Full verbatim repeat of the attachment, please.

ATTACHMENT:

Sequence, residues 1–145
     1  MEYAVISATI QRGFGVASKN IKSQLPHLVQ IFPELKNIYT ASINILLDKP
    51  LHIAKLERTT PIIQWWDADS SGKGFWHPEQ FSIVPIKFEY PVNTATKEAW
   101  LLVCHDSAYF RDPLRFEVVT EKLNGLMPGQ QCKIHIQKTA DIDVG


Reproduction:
Sequence, residues 1–145
     1  MEYAVISATI QRGFGVASKN IKSQLPHLVQ IFPELKNIYT ASINILLDKP
    51  LHIAKLERTT PIIQWWDADS SGKGFWHPEQ FSIVPIKFEY PVNTATKEAW
   101  LLVCHDSAYF RDPLRFEVVT EKLNGLMPGQ QCKIHIQKTA DIDVG